Reflections on The Power of Influential People

Keith KettenringChristian Living, Ministry Leaders, The Uncommon Journey

No Man is an Island

No man is an island entire of itself; every man is a piece of the continent, a part of the main; if a clod be washed away by the sea, Europe is the less, as well as if a promontory were, as well as any manner of thy friends or of thine own were; any man’s death diminishes me, because I am involved in mankind. And therefore never send to know for whom the bell tolls; it tolls for thee.    —- John Dunne

Our lives are so intertwined with others that what happens to them impacts us. Additionally, each of us has been influenced by those with whom our lives are intertwined. Thanks be to God, we don’t travel alone. Some people leave indelible marks on us. That’s what this post is about.


In our newest Manastery venture, the guys are reading “Meditations” by Marcus Aerilius (121-180AD), Roman emperor and Stoic philosopher, who devotes the first 13 Chapters of his “Meditations” to those people who shaped his life for the good. He begins with his grandfather (“I have learned to be gentle and meek, and to refrain from all anger and passion) and ends with his father (“I observed his meekness…how free from all vanity he carried himself in matter of honour and dignity…).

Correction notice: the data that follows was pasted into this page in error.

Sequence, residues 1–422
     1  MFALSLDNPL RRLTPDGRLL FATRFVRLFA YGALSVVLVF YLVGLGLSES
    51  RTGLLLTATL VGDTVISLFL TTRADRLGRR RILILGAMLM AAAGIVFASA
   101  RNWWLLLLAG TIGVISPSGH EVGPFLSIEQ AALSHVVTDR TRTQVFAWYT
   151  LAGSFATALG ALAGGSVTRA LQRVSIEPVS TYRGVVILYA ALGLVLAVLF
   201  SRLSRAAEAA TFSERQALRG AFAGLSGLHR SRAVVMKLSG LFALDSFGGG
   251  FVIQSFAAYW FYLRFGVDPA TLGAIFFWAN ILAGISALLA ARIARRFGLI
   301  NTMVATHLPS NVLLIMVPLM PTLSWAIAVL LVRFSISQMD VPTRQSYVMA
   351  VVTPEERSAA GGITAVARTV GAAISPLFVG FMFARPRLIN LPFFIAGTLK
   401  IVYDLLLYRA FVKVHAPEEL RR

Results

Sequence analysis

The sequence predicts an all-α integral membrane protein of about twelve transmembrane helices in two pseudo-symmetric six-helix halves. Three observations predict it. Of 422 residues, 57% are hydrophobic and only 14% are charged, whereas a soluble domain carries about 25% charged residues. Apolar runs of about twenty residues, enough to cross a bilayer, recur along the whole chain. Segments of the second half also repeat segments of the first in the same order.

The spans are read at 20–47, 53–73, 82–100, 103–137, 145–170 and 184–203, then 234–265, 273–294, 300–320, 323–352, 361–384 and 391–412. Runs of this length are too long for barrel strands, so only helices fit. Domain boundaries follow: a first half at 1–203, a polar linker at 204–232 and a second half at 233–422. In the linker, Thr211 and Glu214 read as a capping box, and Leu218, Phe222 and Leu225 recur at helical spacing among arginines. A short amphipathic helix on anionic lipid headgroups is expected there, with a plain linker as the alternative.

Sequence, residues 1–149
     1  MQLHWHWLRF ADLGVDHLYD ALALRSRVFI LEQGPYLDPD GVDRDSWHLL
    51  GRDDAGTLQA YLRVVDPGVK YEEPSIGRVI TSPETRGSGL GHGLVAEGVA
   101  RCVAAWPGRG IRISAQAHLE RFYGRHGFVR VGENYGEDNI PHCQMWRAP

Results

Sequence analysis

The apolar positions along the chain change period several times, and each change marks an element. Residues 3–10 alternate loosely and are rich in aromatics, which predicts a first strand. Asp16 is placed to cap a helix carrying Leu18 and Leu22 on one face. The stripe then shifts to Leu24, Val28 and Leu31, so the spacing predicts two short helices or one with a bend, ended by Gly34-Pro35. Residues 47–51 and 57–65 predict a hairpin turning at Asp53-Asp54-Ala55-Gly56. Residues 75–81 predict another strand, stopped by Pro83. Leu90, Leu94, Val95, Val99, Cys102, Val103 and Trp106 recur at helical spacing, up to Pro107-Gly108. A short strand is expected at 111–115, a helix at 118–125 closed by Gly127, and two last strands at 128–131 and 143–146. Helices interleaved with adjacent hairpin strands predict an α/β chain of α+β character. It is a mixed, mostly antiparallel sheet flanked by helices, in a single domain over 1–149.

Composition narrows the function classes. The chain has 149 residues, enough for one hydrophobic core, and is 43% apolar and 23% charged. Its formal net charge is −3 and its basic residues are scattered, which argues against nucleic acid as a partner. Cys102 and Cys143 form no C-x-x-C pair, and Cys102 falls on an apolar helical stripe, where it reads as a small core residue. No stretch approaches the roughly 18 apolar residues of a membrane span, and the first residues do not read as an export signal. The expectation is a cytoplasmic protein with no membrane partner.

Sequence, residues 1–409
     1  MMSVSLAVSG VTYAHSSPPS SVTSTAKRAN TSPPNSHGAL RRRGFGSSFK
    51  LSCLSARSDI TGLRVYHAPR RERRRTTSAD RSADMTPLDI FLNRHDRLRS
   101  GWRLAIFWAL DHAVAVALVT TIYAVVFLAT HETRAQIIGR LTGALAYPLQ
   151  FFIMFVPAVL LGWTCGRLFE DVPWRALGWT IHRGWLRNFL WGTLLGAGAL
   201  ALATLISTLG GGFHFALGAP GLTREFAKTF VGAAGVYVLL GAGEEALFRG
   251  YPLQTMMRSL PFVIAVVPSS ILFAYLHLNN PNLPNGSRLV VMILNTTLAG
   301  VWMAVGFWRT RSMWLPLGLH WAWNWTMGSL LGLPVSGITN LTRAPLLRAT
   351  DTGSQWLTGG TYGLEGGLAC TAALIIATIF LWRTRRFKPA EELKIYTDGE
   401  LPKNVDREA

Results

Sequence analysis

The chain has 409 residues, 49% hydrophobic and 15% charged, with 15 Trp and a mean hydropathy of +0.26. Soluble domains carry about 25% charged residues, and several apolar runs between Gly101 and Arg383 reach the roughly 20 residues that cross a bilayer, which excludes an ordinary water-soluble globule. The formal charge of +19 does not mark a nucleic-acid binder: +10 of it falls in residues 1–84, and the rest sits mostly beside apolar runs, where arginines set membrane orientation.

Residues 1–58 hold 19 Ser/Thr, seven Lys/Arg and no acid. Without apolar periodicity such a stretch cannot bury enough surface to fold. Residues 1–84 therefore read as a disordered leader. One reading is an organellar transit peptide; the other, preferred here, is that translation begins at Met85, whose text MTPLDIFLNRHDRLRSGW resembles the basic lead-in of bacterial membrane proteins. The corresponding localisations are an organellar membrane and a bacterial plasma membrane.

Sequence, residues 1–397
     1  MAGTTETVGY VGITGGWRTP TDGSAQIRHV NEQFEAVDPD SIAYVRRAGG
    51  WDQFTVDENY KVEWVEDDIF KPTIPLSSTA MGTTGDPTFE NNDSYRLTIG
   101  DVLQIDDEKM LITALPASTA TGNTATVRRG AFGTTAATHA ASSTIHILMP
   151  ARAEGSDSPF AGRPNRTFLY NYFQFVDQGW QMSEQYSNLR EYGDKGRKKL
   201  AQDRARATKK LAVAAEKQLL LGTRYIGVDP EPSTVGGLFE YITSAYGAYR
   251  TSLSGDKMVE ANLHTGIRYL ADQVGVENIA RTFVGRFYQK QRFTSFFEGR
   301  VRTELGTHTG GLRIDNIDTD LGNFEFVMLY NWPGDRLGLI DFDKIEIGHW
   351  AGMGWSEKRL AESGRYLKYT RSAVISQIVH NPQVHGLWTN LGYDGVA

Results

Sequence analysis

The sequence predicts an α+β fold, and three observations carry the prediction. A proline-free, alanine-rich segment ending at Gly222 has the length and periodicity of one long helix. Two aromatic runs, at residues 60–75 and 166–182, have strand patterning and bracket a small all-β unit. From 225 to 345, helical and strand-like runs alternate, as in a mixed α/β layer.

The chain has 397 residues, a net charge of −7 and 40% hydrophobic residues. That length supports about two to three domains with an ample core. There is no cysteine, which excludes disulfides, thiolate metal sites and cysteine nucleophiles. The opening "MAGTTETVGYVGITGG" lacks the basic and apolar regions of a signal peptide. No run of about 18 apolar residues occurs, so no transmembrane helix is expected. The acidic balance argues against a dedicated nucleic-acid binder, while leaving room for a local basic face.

One of the “takeaways” from our discussion was the challenge to journal our own list of people who have impacted our lives, helping mold them into who we are today.

I thought you might be interested in catching a glimpse of the men, in my case, who influenced me over the past (almost) 65 years. This is not an exhaustive list neither do they unambiguously represent deep spiritual impact. Often more can be learned from the shortcomings of others than from their strengths. However, there was much good gleaned from these men when I needed it the most.

The list is in chronological order from my younger years to now. Each observation ends with an “impact summary.”

Number one on my list is my father, Joel. His steadfast devotion to God, faithfulness to his family and marriage, and commitment to serving Jesus Christ still resonate within me. In Dad, I observed a longing to know God more deeply while navigating challenging and rewarding phases of life. Seek God and His ways.